“Everything will be simple, fresh, homemade and super quality,” says Chef Turgeman. “I have been working almost four months to get organic ingredients, to make everything so there is a recipe for every dish for the staff of 85 cooks to use.”

The starter menu will consist of vegan ceviche with tomato jam and couscous and pomegranate salad, as well as sashimi, the thinly sliced Japanese-style fish. Meanwhile, in true Middle Eastern fashion, there will also be a variety of starters in the middle of the table, including gefilte fish, thus completing the blend of East and West.

For entrées guests will have the choice of lamb osso bucco, chicken breast with diabetic-friendly tangerine sauce or entrecote steak.

In keeping with the symbols of Rosh Hashanah, David’s Citadel will be serving 2 holiday-themed desserts: caramelized apples in honey sauce and two types of ice cream — apple and cinnamon vanilla; and a candied almond crisp with fresh almonds. For those watching their sugar intake, there will also be sugarless chocolates available.

Two accommodate all the patrons, there will be two seating times — 7:00 and 9:00 pm.

While guests of the hotel take priority, David’s Citadel will also accommodate reservations from diners who are not staying at the hotel based on availability.

Lunch on Monday will be a decidedly more casual affair with a “Jerusalem grill” theme. The buffet-style luncheon will serve up homemade sausages and hamburgers along with a vast selection of quality salads and grilled vegetables.

David’s  Citadel will be the first hotel to use a new piece of equipment, “the smart table,” for the different stations of the buffet, where everything is regulated by computer.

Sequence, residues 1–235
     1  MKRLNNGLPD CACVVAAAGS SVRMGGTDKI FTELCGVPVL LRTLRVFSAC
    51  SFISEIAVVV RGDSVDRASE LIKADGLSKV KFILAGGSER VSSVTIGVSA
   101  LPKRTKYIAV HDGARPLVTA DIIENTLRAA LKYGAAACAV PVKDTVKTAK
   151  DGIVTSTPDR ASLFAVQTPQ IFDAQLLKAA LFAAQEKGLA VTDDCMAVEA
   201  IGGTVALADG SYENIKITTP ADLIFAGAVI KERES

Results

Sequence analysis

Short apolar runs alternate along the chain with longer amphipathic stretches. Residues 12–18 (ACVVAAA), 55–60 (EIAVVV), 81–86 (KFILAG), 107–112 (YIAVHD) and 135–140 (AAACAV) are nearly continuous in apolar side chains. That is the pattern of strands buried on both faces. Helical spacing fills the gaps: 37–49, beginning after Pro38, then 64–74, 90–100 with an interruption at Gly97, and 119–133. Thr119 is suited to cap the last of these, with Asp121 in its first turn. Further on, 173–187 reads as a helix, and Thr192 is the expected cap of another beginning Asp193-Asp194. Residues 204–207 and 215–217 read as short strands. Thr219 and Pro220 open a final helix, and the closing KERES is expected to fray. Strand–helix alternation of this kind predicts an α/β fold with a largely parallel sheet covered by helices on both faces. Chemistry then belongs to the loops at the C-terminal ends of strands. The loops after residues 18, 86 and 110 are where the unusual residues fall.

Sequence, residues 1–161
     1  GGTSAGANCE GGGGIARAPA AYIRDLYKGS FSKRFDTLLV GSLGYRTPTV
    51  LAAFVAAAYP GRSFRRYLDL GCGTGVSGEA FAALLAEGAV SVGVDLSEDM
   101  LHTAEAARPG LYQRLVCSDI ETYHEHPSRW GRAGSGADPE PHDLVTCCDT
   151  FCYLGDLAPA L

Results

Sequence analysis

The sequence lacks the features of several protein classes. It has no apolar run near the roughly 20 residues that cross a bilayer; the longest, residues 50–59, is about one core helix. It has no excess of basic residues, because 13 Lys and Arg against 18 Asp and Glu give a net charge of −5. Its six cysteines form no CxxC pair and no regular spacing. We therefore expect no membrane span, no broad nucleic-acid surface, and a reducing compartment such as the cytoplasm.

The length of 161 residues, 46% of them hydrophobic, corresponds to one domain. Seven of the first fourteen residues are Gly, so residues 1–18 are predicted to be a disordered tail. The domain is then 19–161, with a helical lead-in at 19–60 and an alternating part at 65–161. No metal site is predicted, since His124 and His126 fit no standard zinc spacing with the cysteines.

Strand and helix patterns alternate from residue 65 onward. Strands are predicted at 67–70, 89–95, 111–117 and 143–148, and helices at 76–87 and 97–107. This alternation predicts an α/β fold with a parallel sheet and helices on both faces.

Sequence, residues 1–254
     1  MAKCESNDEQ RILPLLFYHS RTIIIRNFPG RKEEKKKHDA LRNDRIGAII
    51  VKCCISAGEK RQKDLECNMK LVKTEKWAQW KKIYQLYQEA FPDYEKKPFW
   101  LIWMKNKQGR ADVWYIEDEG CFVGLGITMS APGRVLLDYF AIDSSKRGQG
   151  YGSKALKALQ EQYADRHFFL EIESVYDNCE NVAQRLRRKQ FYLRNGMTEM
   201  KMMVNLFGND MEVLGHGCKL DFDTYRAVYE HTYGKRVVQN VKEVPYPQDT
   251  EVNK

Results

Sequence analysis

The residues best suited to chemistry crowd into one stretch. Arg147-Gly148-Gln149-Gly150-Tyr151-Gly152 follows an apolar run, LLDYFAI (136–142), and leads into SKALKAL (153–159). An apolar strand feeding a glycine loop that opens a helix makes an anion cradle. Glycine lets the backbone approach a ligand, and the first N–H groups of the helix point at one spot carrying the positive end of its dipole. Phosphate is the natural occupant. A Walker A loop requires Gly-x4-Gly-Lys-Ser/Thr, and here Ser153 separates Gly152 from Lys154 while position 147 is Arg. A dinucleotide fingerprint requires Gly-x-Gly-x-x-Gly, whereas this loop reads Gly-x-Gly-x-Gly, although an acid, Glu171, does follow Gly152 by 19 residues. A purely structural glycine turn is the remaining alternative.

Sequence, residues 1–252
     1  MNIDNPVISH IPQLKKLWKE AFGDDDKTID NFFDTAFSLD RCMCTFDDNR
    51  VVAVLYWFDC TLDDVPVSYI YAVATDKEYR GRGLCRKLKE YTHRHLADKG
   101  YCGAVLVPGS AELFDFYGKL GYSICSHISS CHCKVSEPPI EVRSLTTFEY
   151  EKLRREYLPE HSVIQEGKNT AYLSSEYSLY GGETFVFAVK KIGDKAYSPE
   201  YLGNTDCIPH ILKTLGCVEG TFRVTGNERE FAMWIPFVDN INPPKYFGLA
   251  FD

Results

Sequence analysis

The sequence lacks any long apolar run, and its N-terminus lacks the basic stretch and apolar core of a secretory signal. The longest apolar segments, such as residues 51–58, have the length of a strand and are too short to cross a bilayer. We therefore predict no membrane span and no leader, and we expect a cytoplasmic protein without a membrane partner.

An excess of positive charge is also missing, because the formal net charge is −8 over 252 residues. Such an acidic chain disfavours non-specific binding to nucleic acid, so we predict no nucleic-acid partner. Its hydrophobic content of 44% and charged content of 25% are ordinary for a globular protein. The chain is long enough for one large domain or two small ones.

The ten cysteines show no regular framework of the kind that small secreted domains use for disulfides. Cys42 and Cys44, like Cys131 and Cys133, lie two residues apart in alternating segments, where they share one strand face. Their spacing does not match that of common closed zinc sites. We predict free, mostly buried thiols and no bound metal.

Dinner at David Citadel will run you $114 per adult and $86.25 per child.

Inbal Hotel

The 5-star Inbal Hotel, another mainstay of Jerusalem’s luxury hotel scene, has spared no expense or effort in arranging a special Rosh Hashanah experience for its guests.

Along with Executive Chef Nir Elkayam’s painstaking menu focusing on authentic Israeli and Jerusalem cuisine, the hotel also had specially designed holiday-themed decorations designed for the banquet room and tables to give guests an extra special holiday feeling.

Moving onto the food, each table will have two shared plates of starters: one with the traditional head of a fish, apples, honey and pomegranate and another with chopped liver, gefilte fish, vegetable salad and poached salmon.

For starters, the menu will offer a choice of fish tartare, spicy Moroccan-style fish and a cooked fish dish, such as ceviche or seared red tuna. And keeping things traditional the soup will be a traditional consomme with kreplach and filled meatballs.

For first course, guests can choose from fish tartare, spicy Moroccan-style fish, and a cooked fish dish such as ceviche or red tuna.

The traditional consume will follow with kreplach and filled meatballs.

The main courses are surely something to look forward to as well, headlined by a tantalizing duck confit along with prime rib or stuffed chicken.

Chef Elkayam remarks that “we are always listening to our guests, so we will give more attention to those who are vegetarian or gluten free and those with children.”

According to Yossi Avi-Izak, Inbal’s director of food and beverage, “children of guests will be served a complimentary dinner between 5 and 6 p.m. so they will not have to wait, although they will still sit with their parents at the later traditional dinner.”

The Inbal will be taking reservations for non-guests based only on availability after they have finalized reservations by hotel guests.